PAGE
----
- 12″x18″ white construction or art paper
- Orange and yellow tissue paper
- Gold glitter
- Yellow and brown construction paper
- Liquid glue and glue sticks
- Stencils, made from cardstock or whatever traceable substance you have:
- Draw the shape of a vase. Cut the shape in two pieces, with the top in a smaller piece than the bottom. Double-check Van Gogh’s picture for approximate proportions. I made three of these so more than one child could trace at the same time.
- Large circles and small circles. I used the top and bottom of a yogurt container.
- Pencils for tracing shapes
Day One is painting day. It’ll get messy, so make sure you have a table cover and smocks for your kids! And one for you, too!
- I usually do art lessons at the board, simply because I like to have lots of examples on hand and the board provides a backdrop. If possible, pin up a picture of Van Gogh’s Sunflower paintings. There’s more than one, but try to use one with a blue background. (Some have yellow on yellow.) If you have a postcard of the painting, pass it around so the kids can get a closer look. You can also put up other Van Gogh pictures so the students can see how visible his brushstrokes are. Ask if they can see them. (You’ll be surprised to see how many say no.) Some kids will be familiar with Van Gogh. Others will not.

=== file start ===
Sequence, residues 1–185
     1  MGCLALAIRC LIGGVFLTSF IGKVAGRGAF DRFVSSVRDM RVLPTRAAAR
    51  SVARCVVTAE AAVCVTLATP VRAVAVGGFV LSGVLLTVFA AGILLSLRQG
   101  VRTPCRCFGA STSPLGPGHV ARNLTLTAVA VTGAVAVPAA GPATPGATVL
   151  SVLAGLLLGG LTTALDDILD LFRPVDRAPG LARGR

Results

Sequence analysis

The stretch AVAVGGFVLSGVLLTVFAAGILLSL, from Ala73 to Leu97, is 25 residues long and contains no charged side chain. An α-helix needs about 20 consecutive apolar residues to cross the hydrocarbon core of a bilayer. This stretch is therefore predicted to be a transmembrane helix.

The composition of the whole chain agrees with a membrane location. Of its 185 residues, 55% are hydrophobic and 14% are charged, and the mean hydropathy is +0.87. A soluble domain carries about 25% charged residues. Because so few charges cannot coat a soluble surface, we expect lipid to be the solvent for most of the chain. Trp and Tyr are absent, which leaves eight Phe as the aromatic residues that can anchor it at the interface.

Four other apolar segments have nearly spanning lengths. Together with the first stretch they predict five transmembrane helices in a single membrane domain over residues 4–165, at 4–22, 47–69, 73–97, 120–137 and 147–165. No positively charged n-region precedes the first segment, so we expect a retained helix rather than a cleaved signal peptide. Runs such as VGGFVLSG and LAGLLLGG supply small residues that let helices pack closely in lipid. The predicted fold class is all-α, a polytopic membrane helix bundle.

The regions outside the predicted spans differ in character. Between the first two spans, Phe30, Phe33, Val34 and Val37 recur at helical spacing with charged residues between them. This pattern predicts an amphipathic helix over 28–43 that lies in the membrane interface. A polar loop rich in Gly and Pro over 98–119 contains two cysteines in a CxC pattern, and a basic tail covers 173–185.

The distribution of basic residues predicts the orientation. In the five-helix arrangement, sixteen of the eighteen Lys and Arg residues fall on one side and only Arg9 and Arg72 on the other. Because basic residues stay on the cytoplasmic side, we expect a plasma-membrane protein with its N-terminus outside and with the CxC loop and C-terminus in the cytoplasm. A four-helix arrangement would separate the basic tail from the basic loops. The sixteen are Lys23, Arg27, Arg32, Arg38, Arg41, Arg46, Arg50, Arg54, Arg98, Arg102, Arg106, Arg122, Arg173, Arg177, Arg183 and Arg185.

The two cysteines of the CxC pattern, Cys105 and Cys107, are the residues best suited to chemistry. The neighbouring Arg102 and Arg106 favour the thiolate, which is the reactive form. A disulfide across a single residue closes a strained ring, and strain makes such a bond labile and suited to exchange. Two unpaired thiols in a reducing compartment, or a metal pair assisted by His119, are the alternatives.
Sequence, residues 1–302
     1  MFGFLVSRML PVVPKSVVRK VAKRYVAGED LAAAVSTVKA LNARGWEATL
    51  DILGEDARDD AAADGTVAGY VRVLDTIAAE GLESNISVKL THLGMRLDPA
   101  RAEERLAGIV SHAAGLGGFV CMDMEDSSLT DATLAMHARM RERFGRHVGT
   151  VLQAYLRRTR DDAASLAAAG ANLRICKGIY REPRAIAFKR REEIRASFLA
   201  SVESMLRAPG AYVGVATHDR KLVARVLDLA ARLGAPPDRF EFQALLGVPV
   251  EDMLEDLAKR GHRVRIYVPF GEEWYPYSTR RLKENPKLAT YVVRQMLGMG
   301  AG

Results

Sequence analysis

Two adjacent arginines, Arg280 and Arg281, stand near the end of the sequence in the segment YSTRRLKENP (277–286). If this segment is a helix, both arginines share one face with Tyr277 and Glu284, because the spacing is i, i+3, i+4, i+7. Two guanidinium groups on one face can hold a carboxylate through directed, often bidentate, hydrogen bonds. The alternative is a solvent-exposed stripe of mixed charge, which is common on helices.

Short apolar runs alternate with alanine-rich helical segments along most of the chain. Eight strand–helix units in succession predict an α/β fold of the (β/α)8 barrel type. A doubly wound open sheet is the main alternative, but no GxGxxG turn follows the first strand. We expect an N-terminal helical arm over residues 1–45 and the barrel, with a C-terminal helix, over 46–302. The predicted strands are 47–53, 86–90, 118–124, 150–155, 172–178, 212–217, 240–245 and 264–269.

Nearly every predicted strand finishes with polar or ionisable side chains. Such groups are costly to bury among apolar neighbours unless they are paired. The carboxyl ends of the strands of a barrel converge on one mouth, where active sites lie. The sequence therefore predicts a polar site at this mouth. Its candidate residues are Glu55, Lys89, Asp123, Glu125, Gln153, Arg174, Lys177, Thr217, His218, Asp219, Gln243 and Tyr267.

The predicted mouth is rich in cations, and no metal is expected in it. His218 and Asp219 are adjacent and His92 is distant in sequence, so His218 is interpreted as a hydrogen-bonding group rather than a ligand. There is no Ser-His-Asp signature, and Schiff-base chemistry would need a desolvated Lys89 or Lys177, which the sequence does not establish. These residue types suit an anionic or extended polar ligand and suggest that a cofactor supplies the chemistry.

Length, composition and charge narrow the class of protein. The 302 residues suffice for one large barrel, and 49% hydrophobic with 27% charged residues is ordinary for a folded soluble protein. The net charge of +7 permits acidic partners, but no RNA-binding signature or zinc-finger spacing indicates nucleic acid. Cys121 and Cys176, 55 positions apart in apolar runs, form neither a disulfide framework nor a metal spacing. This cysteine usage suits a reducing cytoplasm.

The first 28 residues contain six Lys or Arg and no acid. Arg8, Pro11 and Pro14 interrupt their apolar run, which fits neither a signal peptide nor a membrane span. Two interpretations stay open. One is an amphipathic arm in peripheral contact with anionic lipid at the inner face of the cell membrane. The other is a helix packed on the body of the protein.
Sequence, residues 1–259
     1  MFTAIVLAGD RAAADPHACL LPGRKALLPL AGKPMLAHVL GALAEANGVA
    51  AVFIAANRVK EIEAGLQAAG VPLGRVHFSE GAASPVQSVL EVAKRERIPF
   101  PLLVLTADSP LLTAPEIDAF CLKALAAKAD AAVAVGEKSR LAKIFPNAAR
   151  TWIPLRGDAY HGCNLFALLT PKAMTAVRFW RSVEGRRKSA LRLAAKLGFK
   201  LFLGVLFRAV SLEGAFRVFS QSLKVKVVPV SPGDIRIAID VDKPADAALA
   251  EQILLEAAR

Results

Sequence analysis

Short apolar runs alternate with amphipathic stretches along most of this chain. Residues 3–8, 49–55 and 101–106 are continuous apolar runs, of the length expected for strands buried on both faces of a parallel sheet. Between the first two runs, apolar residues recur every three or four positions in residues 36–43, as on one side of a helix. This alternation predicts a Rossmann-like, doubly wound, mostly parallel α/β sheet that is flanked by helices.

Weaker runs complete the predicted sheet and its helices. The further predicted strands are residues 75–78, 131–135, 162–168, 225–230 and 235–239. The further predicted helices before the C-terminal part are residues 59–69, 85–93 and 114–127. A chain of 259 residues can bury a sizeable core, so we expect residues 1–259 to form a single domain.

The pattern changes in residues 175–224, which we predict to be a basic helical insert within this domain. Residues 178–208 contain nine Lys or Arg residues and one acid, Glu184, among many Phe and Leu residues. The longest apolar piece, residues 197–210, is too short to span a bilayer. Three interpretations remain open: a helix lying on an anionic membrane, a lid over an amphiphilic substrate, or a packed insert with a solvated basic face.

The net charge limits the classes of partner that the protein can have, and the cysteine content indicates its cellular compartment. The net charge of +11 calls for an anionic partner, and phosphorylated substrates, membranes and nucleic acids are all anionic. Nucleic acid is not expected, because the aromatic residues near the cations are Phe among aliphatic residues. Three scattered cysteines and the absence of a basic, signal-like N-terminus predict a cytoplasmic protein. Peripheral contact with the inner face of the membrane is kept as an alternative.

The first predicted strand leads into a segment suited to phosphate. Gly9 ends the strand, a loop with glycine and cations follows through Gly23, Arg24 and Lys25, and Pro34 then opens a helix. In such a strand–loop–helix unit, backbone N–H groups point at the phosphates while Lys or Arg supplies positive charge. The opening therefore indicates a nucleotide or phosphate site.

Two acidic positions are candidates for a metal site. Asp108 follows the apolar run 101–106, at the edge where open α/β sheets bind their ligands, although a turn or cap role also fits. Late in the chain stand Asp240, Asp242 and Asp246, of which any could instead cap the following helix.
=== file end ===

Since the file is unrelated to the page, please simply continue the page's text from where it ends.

- Read Camille and the Sunflowers. Discuss. They’ll have lots of questions, I promise!
- Look at the painting with the students. I generally ask them if Van Gogh’s painting looks like a photograph and if they say no, I ask them how they then know what the painting depicts. I mention the words “Post-Impressionism” and “Expressionism,” but I don’t get into any detail. It’s gentle exploration.
- Start by passing out the white construction paper. The first thing I always discuss with my students is the difference between landscape and portrait. I like to use those words rather than “the short way” and “the long way.” Usually, students are itching to say which is which before I can get a word out. For this project, the paper should be portrait (the long way).
- Have your students put their names on the paper and then turn it over. Sorry if this is a no-brainer, but I often forget this part! You should learn from my mistake! It’s a hassle when you forget to have them write their names.